Lisa Asher
Lisa Asher
Thanks to MAC Award winner Lisa Asher, songwriter Michael Peter Smith has become one of our new favorite composers. The talented and adventurous Asher is currently performing Stranded in the Moonlight, an entire evening of this Chicago-based composer's idiosyncratic and uniformly terrific work, for the next three Sundays at the Laurie Beechman Theatre at the West Bank Café. And what a revelation they both are in this sensational evening of song. We've always admired Asher for her lovely warm voice and interpretive skills, but she's found in Smith's work the sensibility in which to convey her own personality; for his part, Smith has the great good fortune to have Asher to help popularize his tunes here in New York.

That popularity is way overdue because his songs, despite occasional specific references to Chicago, seem very much the concoctions of a sophisticated (if nutty) New York wit. Smith's songs fall into a variety of categories, few of them conventional. He writes flat-out funny material that satirizes popular culture across the board from high to low brow. He makes sport of the museum crowd with "Dead Egyptian Blues" and then cuts up on the white trash folks with a song that goes by the title of "PDDBJ." He makes fun of his own hip circuit with a tongue-twisting tune called "Zippy," but he also has a resonant nostalgic eloquence with a song like "Sister Clarissa" about a beloved Catholic school teacher.

Beyond taking the brave step of putting on a show of all unknown songs by one relatively unknown composer, Asher's contribution to the material cannot be overestimated. She begins the evening with her show's title tune, "Stranded in the Moonlight," a deeply romantic song of yearning. There's a little bit of country in Asher's voice so you hear the "cry" when she sings its passionate high notes. Backed by her accomplished musical director at the piano, Jeff Waxman, Asher gives the song an insistent drive that matches the feverish need of the lyric. It's a seemingly conventional love song that surprises you with its pinpoint specific references that make it a far better and more eloquent torch number than you expect.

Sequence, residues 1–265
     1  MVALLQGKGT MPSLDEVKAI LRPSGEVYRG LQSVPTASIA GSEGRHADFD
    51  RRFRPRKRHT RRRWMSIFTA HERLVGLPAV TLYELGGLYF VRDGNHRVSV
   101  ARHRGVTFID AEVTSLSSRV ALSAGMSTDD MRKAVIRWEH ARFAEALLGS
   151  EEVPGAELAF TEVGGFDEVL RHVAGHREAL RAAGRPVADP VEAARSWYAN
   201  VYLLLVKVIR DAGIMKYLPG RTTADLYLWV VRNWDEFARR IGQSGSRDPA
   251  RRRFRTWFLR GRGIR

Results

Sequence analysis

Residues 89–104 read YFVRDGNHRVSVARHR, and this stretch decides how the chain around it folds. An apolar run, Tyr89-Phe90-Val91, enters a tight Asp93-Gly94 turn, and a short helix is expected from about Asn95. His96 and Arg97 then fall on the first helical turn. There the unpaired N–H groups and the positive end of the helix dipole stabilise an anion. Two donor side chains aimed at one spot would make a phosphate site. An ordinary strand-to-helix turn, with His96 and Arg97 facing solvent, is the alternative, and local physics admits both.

Her second song lets us see that Smith not only makes fun of himself, he's awfully smart about how he does it. In "Something About Big Twist," there are a series of verses in which everyone he meets or talks to -- including his girlfriend and his own mother -- are more interested in a cool mainstream singer named "Big Twist" than they are in him. She sings this number with a rueful sense of fun, never overselling and always with an honest sense of surprise, like she's telling you the story for the first time.

In a haunting song called "The Ballad of Elizabeth Dark," Asher unearths a poignant melancholy in her acting that she never showed before. She also supplies a sense of drama and mystery in the supernatural surprise, "Demon Lover." Displaying still more colors as an actress, Asher moves seamlessly from outlandish comedy ("Zippy") to something lyrical and beautiful as she commits to the sentiment of "Rose of Sharon" (from The Steppenwolf Broadway production of The Grapes of Wrath for which Smith wrote the music).

Some considerable credit for the smashing success of this show must also go to director Peter Glazer who created the act with Asher and Waxman. Not only is this the best, tightest, most entertaining show Asher has put on, her patter has never been better; it's informative, amusing and succinct. If we were looking for something to complain about, it would only be that the encore number, a lovely and moving piece about Smith's father, is misplaced. There are other songs in the program that would be better suited to cap off this remarkable evening.